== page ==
For the religious community, there is no question. Assimilation is assimilation. Period. As Tevye the Milkman said in Fiddler on the Roof in response to his daughter's choice to marry a non-Jewish man: "On the other hand… No. There is no other hand!" An Orthodox Jew does not recognize another side of the issue when it comes to choosing a mate from outside of the family of Israel. The choice to assimilate removes a person from the family. But despite this, Jewish tradition continues to define the assimilated member of the family as part of "Israel." As the Talmud says, "even though he has sinned, he is still a Jew." This is why Jewish organizations have been established to save Jewish girls and to remove them from the non-Jewish families that have taken them in. In this spirit, former MK Michael Ben-Ari said at yesterday's demonstration: "Morel Malka is our sister. We came to save our sister."
I understand this argument, but at the same time, I find it frightening. In the name of protecting his sister, Michael Ben-Ari is prepared to burn down the shared family home. Contempt for the word "democracy" leads some members of the religious community (admittedly few) to light fires anywhere they see a reality that does not fit the spirit of Israel.
The disruption of yesterday's mixed marriage admittedly did not break the law. The hundreds of people who arrived in response to the call from the Lehava anti-assimilation organization received permission to protest from the state. But the thought that I am allowed to interfere with the personal autonomy of an individual who I believe is diverging from the code that I see as appropriate for life is a destructive thought. It makes the Torah incompatible with life in a country that has a Basic Law protecting human dignity and freedom. Whoever creates a state of mind in which the Torah and the law cannot coexist plays into the hands of the greatest enemies of the Torah. An unusual coalition has been formed between people who are ostensibly acting on behalf of the Torah and people who despise Torah and see it as archaic and unenlightened. This combination connects two extremes and circumvents the majority society in Israel, which sees itself somewhere on an axis that reflects the spectrum between secular and religious.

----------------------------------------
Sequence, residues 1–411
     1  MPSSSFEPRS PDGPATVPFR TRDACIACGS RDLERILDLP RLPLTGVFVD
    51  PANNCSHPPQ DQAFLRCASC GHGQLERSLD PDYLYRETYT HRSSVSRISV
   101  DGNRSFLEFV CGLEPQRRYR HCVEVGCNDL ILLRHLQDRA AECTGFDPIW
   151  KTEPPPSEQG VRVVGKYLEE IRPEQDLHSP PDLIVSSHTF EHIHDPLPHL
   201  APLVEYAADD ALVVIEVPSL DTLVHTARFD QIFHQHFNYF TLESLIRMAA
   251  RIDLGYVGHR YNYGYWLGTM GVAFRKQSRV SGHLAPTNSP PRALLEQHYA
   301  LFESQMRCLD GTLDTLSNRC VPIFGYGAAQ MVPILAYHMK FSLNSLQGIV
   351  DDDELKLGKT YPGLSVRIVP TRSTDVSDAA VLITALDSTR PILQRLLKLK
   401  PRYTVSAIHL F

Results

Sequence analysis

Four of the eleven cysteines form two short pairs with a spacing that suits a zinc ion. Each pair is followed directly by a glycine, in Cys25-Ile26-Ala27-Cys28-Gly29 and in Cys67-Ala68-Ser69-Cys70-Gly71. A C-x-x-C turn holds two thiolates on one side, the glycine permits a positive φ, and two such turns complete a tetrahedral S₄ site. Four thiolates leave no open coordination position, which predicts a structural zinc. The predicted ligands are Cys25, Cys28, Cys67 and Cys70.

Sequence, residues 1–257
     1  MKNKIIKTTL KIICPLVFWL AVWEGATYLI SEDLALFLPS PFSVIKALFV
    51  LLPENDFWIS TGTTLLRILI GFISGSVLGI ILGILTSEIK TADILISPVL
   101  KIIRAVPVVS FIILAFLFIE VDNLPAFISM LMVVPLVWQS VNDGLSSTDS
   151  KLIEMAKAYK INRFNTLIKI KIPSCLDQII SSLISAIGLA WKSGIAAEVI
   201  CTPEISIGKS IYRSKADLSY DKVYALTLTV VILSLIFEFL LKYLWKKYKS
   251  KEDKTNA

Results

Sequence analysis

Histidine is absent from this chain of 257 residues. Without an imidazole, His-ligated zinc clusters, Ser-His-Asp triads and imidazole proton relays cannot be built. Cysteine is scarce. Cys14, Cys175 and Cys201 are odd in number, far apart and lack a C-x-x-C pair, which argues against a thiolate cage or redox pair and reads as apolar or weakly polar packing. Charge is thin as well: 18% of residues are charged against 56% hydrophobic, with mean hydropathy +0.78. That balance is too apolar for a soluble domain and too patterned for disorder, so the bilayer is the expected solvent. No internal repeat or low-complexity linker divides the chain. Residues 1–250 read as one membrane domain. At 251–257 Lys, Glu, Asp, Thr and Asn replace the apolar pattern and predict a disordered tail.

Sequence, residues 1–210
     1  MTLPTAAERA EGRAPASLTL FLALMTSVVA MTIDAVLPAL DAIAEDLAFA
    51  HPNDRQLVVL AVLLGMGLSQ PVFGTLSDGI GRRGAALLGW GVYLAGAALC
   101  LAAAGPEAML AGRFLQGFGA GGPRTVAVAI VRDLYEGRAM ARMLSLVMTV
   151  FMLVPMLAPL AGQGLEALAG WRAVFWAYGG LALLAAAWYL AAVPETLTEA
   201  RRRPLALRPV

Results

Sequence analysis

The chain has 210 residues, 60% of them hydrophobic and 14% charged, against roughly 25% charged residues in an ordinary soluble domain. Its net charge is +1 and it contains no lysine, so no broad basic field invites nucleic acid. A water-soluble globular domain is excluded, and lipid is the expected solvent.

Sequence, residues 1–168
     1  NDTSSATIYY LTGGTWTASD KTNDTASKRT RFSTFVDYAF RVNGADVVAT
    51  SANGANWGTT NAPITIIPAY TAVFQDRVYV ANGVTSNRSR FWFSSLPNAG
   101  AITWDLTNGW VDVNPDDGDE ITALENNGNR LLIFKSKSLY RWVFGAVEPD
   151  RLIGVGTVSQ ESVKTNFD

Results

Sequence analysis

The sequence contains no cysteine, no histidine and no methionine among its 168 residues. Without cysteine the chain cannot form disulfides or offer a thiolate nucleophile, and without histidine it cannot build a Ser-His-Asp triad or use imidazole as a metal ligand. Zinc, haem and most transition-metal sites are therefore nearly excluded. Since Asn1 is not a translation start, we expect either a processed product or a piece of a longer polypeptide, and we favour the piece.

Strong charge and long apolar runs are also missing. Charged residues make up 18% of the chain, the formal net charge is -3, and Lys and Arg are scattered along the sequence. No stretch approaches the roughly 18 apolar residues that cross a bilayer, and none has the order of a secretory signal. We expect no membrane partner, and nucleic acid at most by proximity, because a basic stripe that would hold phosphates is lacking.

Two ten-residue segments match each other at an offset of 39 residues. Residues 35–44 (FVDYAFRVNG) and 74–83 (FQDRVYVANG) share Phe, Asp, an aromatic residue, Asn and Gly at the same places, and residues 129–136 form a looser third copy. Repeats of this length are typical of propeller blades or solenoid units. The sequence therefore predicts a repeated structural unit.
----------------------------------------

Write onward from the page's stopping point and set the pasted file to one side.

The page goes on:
Is there really anyone who thinks that our common home will be built through burning zeal and fervent hatred of the Other? This summer has been a time of extreme stress. Most of it was met with a great deal of internal solidarity and fraternity. The families that I met when making condolence calls and hospital visits this summer to all sectors of Israeli society did not express this kind of hatred and fanaticism. They were Jews with strong backbones, who wish to see a Jewish society of justice and charity here in Israel. We should focus on what is most essential rather than allowing the fringes to dominate public discourse. The home that we have is too precious and we have not been given the freedom of abdicating our responsibility to protect it.
Rabbi Dr. Benjamin (Benny) Lau is the head of IDI's Human Rights and Judaism in Action project and is the rabbi of the Ramban Synagogue in Jerusalem.
This article was first published in Hebrew on Facebook and on the NRG website on August 18, 2013.
- Arab Citizens of Israel,
- Civil Liberties,
- Judaism and Democracy,
- Religion and State,
- Arab-Jewish relations,
- basic laws,
- civil society,
- human dignity,
- human rights and Judaism,
- Israeli society,
- Jewish identity,
- Jewish immigration/Aliyah,
- Jewish thought,
- religious-secular relations,
- secular and religious Law,
- Human Rights and Judaism